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Controversial drug shown to act on brain protein to cut alcohol use

A naturally occurring hallucinogen advocated by some clinicians as a potent anti-addiction drug has been rigorously studied for the first time, confirming its ability to block alcohol craving in rodents, and clarifying how it works in the brain. The new research findings about the drug Ibogaine open the way for development of other drugs to reverse addiction without Ibogaine's side effects, potentially adding to the small arsenal of drugs that effectively combat addiction.

Derived from a West African shrub, Ibogaine has been championed for years by a cadre of clinicians and drug treatment advocates impressed with its ability to reverse withdrawal symptoms and craving for alcohol and various drugs of abuse. It has been used outside of the U.S. to treat addiction by American and other clinicians. But its side effects, including hallucinations, which made it popular in the 1960s drug culture, and evidence of toxicity to certain nerve cells in rodent studies have discouraged careful studies of its clinical potential against drug and alcohol addiction. The FDA has not approved use of Ibogaine in the U.S.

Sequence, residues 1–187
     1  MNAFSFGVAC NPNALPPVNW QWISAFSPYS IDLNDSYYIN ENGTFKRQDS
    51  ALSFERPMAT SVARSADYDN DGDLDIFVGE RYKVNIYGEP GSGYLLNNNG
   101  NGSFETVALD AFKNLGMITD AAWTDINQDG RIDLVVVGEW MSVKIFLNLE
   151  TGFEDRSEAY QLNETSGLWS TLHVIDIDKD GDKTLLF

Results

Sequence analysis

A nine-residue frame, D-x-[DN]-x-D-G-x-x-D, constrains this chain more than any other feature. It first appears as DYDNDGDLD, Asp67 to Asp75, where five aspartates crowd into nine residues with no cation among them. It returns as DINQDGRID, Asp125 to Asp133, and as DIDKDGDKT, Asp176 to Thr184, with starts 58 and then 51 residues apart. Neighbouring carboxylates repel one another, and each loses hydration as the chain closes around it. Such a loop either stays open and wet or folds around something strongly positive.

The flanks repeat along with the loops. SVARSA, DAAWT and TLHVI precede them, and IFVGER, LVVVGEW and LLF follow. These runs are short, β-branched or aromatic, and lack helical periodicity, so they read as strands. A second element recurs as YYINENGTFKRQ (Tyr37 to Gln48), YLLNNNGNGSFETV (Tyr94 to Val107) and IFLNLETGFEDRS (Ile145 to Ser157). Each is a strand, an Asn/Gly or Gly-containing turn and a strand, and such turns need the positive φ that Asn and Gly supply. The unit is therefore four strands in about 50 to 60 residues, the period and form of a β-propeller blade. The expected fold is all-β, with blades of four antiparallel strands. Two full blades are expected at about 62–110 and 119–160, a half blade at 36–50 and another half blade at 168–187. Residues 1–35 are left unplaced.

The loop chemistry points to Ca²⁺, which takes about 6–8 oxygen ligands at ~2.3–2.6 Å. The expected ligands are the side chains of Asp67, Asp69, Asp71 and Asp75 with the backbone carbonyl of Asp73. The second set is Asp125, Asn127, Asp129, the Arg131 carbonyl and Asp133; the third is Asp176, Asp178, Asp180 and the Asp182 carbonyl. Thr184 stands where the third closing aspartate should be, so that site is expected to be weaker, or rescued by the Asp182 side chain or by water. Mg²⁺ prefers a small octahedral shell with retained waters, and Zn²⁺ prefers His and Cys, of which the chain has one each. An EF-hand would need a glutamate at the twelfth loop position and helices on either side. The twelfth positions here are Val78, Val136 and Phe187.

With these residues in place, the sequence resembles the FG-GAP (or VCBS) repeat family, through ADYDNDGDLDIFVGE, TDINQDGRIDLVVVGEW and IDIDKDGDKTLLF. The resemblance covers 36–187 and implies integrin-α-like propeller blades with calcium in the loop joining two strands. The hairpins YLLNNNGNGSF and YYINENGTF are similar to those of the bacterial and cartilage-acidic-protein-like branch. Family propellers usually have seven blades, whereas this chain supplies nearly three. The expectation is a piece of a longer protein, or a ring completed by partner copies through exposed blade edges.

Scientists at UCSF's Ernest Gallo Clinic and Research Center have now shown definitively in experiments with mice and rats that Ibogaine does reduce alcohol consumption, and they have determined that it does so by increasing the level of a brain protein known as glial cell line-derived neurotrophic factor, or GDNF. In a separate study, they demonstrated that GDNF by itself decreases alcohol consumption.

The research is being published in the January 19 issue of The Journal of Neuroscience.

"By identifying the brain protein that Ibogaine regulates to reduce alcohol consumption in rats, we have established a link between GDNF and reversal of addiction -- knowledge of a molecular mechanism that should allow development of a new class of drugs to treat addiction without Ibogaine's side effects," said Dorit Ron, PhD, UCSF associate professor of
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Contact: Wallace Ravven
wravven@pubaff.ucsf.edu
415-476-2557
University of California - San Francisco
18-Jan-2005


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